We knew coming into the season that Elijah Hughes was going to be the go-to-guy for Syracuse basketball. We knew that game in and game out, his performances were going to be critical to the Orange’s success. Play well and SU had a shot, play poorly and things could go badly very, very quickly.
He’s been about as stable as they come this year and ranks second in the ACC in scoring at 19.5 points per game, just 0.9 ppg off the pace set by Louisville’s Jordan Nwora. There’s no surprise there.
What might surprise even the most loyal of Syracuse fans, though, is that the Orange have another player in the league’s top ten scorers.
Yes, you saw that right, the coach’s kid that had just one quality offer outside of the one from his dad coming out of high school (Mark Few and Gonzaga offered him late in the cycle) is the sixth best scorer in the ACC.
To make things even better for the Orange, SU is one of just two teams in the ACC to have a duo inside the top ten. The other? No. 3 Duke which has the league’s fourth-best scorer in Vernon Carey (17.6 ppg) and its tenth best in Tre Jones (15.1 ppg).
That means that the Eli-Buddy pairing is the best scoring duo in the ACC. No two teammates in one of the country’s bet conferences (in an admittedly weak year) are better at putting the ball in the bucket than those two.
That’s almost hard to fathom considering that before the upset win over Virginia last Saturday, the season looked it was hanging on by a thread. Heck, even after a dominant rout of Boston College on Wednesday night some things are going to have to break the right way for SU to make the tournament. Maybe that’s the reason why… nobody is talking about it.
If you aren’t reading Syracuse’s game notes before every game (which most people don’t), you probably wouldn’t have any idea just how effective these two have been this season.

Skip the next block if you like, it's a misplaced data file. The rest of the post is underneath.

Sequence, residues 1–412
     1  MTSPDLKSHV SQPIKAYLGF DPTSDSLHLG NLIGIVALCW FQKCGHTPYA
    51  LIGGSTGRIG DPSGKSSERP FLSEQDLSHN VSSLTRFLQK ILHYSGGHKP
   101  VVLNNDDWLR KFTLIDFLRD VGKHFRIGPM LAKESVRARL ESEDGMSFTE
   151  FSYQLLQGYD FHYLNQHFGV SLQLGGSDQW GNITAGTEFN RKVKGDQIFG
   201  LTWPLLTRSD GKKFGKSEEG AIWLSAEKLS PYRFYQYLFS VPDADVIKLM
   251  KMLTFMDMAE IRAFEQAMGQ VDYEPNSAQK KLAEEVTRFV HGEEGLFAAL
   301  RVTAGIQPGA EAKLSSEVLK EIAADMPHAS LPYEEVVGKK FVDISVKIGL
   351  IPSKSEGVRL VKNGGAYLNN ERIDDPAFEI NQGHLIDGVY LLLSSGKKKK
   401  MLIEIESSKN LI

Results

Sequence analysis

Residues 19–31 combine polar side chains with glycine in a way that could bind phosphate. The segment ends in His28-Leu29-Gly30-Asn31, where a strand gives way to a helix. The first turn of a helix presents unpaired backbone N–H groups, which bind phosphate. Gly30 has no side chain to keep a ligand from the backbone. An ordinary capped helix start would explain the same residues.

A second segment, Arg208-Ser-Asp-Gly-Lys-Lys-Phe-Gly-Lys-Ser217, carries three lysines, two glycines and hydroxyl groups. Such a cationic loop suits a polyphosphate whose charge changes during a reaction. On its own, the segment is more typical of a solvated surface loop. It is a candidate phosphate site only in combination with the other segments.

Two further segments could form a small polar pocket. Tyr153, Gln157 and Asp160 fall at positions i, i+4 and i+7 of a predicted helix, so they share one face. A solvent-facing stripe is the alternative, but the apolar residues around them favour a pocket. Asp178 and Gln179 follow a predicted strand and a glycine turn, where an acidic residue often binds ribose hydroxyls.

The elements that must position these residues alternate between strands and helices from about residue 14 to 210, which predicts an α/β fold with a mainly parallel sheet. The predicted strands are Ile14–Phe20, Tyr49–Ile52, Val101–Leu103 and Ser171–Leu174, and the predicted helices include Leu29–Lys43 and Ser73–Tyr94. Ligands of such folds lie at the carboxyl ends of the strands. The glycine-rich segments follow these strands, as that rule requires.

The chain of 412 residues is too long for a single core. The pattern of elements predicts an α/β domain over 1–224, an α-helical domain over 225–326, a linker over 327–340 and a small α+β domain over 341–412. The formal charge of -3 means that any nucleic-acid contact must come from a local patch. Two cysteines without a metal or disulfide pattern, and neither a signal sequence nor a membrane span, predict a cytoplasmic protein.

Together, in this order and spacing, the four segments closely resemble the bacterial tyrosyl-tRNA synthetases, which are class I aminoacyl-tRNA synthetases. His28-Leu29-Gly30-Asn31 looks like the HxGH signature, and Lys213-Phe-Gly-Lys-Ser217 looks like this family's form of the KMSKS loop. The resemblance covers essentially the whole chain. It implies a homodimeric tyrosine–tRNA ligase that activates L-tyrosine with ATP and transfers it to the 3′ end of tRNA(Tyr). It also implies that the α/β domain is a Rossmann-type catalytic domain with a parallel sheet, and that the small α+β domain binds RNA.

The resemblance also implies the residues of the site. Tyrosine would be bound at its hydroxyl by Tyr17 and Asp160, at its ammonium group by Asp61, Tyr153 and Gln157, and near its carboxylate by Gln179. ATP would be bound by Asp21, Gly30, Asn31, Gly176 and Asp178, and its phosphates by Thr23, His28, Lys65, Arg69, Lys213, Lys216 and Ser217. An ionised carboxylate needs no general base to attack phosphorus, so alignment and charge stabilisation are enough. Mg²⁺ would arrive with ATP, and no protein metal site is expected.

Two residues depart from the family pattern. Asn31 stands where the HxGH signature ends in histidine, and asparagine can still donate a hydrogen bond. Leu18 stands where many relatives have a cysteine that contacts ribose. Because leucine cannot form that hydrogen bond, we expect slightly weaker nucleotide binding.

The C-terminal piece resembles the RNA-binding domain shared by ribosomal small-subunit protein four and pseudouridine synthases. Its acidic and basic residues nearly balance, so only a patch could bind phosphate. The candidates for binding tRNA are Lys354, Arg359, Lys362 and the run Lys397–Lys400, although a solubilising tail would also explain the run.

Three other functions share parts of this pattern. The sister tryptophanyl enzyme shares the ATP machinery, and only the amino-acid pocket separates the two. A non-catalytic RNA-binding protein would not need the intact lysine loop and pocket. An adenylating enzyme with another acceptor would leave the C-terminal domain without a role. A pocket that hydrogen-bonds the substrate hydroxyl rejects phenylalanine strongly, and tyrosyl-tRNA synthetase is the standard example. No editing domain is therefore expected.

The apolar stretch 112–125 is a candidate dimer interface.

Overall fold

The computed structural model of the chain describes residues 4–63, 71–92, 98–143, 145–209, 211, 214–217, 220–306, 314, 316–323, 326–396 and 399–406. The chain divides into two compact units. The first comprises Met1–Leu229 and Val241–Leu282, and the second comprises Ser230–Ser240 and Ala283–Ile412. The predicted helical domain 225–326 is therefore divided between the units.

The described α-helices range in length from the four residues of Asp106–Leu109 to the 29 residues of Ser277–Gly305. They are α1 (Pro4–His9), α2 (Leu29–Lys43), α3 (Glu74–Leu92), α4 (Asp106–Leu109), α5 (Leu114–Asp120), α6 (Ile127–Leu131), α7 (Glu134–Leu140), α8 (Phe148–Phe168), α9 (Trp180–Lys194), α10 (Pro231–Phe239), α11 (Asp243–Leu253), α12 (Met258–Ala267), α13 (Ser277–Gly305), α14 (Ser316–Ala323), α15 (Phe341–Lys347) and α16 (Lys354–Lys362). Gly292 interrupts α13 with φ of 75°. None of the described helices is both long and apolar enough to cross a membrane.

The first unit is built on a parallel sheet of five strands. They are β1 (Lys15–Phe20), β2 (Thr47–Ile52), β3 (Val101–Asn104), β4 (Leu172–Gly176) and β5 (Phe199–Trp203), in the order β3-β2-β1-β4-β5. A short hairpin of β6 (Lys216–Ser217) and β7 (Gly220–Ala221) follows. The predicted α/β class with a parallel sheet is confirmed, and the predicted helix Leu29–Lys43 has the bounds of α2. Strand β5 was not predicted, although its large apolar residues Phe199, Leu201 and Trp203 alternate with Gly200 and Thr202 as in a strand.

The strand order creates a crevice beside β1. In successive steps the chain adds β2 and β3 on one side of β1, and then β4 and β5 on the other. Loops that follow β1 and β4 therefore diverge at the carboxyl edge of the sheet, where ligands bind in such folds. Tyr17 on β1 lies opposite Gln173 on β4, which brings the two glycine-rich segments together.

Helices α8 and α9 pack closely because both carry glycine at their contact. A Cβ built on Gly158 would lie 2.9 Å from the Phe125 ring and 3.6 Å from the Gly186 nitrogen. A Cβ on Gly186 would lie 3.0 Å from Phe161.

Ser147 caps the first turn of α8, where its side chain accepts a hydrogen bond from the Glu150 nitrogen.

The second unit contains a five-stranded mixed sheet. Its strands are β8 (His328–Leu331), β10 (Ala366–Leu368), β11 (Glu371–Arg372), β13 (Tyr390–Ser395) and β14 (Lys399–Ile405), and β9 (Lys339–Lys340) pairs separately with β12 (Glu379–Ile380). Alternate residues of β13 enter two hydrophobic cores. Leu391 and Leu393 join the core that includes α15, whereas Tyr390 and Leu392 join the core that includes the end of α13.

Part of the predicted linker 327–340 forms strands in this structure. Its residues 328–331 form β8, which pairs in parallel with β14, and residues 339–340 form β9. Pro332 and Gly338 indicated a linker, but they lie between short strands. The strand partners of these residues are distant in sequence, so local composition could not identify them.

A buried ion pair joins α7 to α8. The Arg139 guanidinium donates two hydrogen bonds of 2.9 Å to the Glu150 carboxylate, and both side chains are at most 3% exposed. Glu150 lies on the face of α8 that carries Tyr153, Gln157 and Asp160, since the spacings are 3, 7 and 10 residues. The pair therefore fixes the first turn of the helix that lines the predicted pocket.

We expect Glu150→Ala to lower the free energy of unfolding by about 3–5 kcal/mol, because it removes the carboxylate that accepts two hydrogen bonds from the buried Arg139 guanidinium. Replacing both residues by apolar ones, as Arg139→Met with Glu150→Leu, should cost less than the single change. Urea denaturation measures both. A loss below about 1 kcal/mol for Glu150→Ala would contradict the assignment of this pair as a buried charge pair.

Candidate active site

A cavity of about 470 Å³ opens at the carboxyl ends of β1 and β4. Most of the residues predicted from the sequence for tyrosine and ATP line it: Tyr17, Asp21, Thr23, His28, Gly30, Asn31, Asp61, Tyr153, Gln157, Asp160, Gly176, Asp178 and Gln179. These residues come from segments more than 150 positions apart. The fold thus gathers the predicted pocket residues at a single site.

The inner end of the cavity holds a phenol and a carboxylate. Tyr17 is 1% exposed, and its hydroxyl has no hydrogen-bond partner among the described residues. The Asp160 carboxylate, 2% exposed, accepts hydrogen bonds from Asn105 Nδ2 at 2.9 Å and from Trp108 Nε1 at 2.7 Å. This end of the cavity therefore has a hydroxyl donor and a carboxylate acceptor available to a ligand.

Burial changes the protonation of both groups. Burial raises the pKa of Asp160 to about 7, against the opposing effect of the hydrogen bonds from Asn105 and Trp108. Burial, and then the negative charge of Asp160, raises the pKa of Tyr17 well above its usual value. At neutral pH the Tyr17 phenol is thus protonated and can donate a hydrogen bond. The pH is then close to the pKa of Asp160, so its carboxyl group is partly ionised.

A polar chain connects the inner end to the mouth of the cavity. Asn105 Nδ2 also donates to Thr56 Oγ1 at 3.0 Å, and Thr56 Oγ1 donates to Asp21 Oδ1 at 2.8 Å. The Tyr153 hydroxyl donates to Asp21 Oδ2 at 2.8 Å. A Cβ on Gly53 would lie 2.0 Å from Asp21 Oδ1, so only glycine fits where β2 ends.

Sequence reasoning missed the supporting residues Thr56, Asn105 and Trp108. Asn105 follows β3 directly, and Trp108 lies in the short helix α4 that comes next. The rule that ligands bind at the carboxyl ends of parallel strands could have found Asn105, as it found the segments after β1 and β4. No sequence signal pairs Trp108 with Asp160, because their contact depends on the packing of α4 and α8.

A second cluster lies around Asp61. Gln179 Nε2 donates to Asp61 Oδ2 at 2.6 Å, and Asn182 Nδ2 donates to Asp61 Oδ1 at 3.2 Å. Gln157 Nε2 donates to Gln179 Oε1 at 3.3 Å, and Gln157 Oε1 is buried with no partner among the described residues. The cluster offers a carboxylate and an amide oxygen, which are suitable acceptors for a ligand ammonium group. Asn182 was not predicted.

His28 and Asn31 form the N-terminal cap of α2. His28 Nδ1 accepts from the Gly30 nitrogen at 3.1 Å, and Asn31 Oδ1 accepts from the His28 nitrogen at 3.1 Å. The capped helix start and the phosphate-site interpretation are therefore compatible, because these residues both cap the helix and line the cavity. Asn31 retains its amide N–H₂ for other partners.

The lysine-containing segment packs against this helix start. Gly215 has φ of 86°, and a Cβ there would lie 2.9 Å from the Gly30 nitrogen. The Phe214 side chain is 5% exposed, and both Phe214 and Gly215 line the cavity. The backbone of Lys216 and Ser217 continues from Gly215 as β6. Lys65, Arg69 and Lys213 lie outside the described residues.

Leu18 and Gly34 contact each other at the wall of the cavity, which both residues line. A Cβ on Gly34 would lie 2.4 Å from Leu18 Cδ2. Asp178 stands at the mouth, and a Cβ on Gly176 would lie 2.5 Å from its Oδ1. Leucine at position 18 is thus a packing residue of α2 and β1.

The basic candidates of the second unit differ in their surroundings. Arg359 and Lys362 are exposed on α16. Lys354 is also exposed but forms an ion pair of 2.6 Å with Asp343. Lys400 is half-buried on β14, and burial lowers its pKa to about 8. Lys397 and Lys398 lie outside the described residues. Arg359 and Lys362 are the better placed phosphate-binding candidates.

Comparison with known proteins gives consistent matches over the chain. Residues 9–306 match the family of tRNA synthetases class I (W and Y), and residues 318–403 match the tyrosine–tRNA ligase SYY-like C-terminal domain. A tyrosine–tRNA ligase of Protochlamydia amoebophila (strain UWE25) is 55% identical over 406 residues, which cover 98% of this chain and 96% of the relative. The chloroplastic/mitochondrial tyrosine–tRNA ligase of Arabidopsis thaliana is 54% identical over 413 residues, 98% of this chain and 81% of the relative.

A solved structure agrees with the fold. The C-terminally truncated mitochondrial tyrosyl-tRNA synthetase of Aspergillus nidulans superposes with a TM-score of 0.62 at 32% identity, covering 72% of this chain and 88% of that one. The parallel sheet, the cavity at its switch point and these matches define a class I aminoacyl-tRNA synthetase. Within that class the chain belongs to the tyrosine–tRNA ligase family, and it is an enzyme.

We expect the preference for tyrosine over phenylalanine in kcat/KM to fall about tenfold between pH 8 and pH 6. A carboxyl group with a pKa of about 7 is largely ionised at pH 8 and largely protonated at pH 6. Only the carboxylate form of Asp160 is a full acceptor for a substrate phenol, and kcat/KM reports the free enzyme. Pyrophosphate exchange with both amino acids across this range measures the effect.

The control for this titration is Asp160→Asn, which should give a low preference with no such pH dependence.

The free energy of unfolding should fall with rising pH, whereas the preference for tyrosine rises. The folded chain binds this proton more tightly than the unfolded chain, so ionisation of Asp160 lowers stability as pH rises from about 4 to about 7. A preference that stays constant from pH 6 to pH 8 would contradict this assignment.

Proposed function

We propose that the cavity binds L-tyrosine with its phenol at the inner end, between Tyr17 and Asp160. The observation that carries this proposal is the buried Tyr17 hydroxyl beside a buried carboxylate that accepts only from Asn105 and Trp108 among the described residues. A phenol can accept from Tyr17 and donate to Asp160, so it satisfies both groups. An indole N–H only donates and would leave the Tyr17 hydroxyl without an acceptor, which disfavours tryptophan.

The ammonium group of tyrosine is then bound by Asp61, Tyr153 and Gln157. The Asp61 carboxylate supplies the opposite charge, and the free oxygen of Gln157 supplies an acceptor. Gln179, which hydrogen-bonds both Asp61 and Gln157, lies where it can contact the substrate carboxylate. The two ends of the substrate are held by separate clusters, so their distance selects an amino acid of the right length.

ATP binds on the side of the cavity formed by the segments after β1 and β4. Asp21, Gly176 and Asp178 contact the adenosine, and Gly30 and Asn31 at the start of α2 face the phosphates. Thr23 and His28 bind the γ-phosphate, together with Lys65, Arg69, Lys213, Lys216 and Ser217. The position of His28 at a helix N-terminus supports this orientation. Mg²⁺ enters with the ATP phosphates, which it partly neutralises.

Not only do they combine to score just north of 35 points per game, they’re also two of the best shooters in the league with Buddy checking in as the league’s third best shooter by percentage (41.1%) and leading the conference in threes per game (3.6) and Hughes not far behind sitting at fourth in three-point percentage (40.3%) and second in triples per contest (3.1).
The Boston College game, quite honestly, was a perfect example of how deadly these two can be if they’re both in rhythm. Buddy flashed his potential as more than just a sharpshooter and scored 22 points. He showed a willingness to pass up on a difficult three-point shot in favor of putting it on the deck and getting to the midrange or the cup for a much easier look. When all was said and done, his performance against the Eagles may have been the most impressive of his collegiate career.
“I thought I played really well,” Buddy said after the win, “I started off poorly. I wasn’t making my shots. I wasn’t being aggressive. I had a couple turnovers, but I really turned it around, getting to the rim, making my pull-ups. I thought I made a couple really good turnarounds I’ve been working on a lot. Seeing those shots go in shows that hard work is paying off.”
Honestly, Buddy might not be giving himself enough credit. He shot 9-17 from the floor, including 4-7 from beyond the arc (both better than his season averages) and only turned the ball over twice.
Meanwhile, Elijah Hughes just did Elijah Hughes things. With Buddy commanding the spotlight with his incredible performance, Hughes quietly poured in quietly efficient 19 points (right on average) on 7-14 shooting to go along with four boards and five assists.
The guy might be the most consistent player in the ACC and you know exactly what you’re going to get out of him night in and night out. That’s huge for a team that’s as young as Syracuse and still has so many question marks.
“He’s one of the best players in the country,” Buddy said about his teammate, “You love having a guy like that. There’s no one else I’d rather play with. He makes plays and just does everything so easily.”
That’s the word that often comes to mind when you think about Elijah Hughes: easy. He makes everything on the floor look so effortless. He’s got a ton of talent and the work ethic and drive to make it all come together into what should be an ACC Player of the Year candidate.
The pair’s ability to defer to one another when someone has the hot hand might the duo’s most impressive trait of them all. It seems like they’re nearly perfectly in sync and they’re tearing apart defenses as a result.
Let’s put it this way, no Syracuse duo has averaged a combined 35.2 points per game Hakim Warrick (21.4) and Gerry McNamara (15.8) tallied 37.2 a game in the 2004-2005 season. Eli and Buddy are doing something special right now and it’s time to take note.